This means that a person’s environment may have a substantial influence on brain chemistry and the structure of the brain and that changes continue to occur over a lifetime.

Numerous studies have shown a strong connection of personality issues with biological factors.

While we don’t diagnose personality disorders in children, the tendency toward these personalities can be observed at a very young age!

How does the online Narcissistic Personality Disorder treatment work?

Treating someone with Narcissistic Personality Disorder is challenging and requires intense commitment from the individual with NPD.

The majority of people being treated for NPD is because they feel “forced” to be in treatment by a family member threatening to leave or another situation that requires them to get treatment.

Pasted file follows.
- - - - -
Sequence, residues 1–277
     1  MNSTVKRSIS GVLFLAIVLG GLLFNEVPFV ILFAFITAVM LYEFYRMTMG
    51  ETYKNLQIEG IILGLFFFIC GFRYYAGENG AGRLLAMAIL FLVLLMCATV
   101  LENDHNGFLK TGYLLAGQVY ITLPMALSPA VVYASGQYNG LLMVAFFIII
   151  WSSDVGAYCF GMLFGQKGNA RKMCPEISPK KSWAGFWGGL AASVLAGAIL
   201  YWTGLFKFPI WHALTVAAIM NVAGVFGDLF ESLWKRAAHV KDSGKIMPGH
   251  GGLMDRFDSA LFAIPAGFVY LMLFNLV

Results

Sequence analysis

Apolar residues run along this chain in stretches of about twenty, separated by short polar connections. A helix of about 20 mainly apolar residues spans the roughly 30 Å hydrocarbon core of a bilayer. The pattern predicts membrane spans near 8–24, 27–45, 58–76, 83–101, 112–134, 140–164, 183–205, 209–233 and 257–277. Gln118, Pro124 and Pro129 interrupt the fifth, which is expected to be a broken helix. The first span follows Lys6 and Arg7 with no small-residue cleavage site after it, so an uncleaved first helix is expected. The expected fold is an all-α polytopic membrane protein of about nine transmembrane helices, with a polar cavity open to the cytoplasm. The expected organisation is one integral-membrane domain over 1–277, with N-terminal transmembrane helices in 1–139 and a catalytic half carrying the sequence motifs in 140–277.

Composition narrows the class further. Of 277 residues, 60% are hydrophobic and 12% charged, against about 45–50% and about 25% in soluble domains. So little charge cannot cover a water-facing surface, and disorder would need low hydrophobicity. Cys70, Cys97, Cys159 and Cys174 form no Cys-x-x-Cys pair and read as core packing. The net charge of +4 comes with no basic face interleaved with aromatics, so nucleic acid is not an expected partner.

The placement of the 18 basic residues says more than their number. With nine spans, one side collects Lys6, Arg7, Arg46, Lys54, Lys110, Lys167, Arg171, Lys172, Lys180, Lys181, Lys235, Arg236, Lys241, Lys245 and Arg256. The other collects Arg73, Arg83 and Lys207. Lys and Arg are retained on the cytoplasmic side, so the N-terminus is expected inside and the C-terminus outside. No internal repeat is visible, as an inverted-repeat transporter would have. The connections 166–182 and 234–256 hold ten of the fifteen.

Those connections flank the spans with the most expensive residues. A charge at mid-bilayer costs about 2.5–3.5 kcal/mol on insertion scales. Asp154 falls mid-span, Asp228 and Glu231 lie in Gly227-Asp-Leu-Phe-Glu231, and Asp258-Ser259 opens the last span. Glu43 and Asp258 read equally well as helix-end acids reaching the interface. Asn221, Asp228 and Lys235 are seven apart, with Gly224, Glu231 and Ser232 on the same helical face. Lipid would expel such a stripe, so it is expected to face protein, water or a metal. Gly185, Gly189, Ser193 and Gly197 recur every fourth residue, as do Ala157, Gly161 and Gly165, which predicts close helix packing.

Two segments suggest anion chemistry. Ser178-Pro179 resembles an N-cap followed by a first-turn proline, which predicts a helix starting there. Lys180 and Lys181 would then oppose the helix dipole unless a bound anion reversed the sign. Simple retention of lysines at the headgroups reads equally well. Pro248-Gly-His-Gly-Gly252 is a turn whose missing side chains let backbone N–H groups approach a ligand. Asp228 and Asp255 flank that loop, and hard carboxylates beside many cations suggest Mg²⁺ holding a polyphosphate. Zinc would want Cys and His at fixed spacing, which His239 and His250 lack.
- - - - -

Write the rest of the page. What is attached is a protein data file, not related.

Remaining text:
The purpose of the treatment from someone with NPD is to teach them insight. The danger of treating NPD, at least for someone who doesn’t know how to treat it, is that they can become better manipulators.

Therapy can feel confrontational, frustrating, irritating, and, at times, even satisfying for someone with NPD, but it is a long and challenging road!

Meet Dr. G

Hi, I’m Dr. G! I’m a clinical psychologist, entrepreneur, author, and personality disorder expert.

I believe that with the right tools you can achieve satisfaction in life and handle anything that comes your way.